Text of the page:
Jennifer P. Mathews, Ph.D.
- Professor , Sociology and Anthropology
Jennifer Mathews is a professor of anthropology in the sociology and anthropology department at Trinity University, where she teaches courses in archaeology and biological anthropology. She studies ancient and historical Maya archaeology, as well as issues of sustainability and tourism. She was named the 2019-20 recipient of the Dr. and Mrs. Z.T. Scott Faculty Fellowship in recognition of her outstanding abilities as a teacher and mentor and was selected as a Piper Professor (a state-wide teaching award for superior teaching at the college level) for 2020. Most recently, she was appointed to the Murchison Term Professorship for 2023-2026.
She received her master's and Ph.D. in anthropology, with a specialization in Maya archaeology, from the University of California at Riverside. Her undergraduate degree was in anthropology from San Diego State University (1991). She has been conducting fieldwork and archival research in Mexico since 1993.
She has written journal articles, book chapters and four edited books on Maya archaeology: Quintana Roo Archaeology| UAPress (arizona.edu)
(co-edited with Justine Shaw), Lifeways in the Northern Maya Lowlands| UAPress (arizona.edu) (co-edited with Bethany A. Morrison), The Value of Things| UAPress (arizona.edu): Prehistoric to Contemporary Commodities in the Maya Region (co-edited with Tom Guderjan), and Construction of Maya Space | UAPress (arizona.edu): Causeways, Walls, and Open Areas from Ancient to Modern Times (co-edited with Tom Guderjan). She also published Chicle - Chewing Gum of the Americas| UAPress (arizona.edu): From the Ancient Maya to William Wrigley (with Gillian P. Schultz), and a co-authored volume with John Gust called The Bittersweet History of Labor and Life on the Yucatán Peninsula| UAPress (arizona.edu). She is currently working on a book about the deep history of the avocado, from its origins in Mesoamerica to their arrival in California in the nineteenth century.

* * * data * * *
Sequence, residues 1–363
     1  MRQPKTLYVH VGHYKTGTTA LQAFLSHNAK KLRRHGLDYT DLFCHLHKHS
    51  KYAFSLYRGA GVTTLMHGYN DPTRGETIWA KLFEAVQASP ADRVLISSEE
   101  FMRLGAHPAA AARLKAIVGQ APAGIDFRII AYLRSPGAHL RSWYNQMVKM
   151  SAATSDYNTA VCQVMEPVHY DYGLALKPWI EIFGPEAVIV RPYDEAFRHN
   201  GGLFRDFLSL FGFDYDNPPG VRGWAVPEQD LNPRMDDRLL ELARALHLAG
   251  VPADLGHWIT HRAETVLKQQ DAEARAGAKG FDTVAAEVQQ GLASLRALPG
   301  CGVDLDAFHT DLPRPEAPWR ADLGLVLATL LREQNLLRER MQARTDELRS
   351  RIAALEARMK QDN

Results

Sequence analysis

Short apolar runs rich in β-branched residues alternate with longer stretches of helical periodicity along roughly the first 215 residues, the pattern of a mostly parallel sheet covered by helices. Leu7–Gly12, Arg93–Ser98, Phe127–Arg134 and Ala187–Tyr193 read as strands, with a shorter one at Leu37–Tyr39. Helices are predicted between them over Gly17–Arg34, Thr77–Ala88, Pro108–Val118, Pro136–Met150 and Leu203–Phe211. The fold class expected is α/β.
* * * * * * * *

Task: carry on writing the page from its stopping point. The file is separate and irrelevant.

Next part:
Professor Mathews' research has focused on the ancient Maya, studying roads, architecture, and the layout of sites, although more recently she has been focusing on the post-Colonial period of the Yucatan Peninsula (1850–1950), looking at the extraction of commodities like sugarcane, chicle (the base for chewing gum), rum production, and avocados.
Professor Mathews works regularly with local museums such as the San Antonio Museum of Art (SAMA) to teach docents about the ancient cultures of Mesoamerica, and her students provide copies of their semester-long research papers on pieces in their collection including contributing text to their e-Museum descriptions. She has a service project every semester in her classes to raise money for a cause related to the class, such as the San Antonio Food Bank (Eating and Drinking in the 19th Century), adopting primates at the San Antonio Zoo (Seminar in Primatology) or supporting Maya women artisans in Mesoamerica (Ancient Art of Mesoamerica and Seminar on the Ancient Maya). She has also curated two exhibits "The Modern Maya: The Photographs of Macduff Everton" and "Crafting Maya Identity."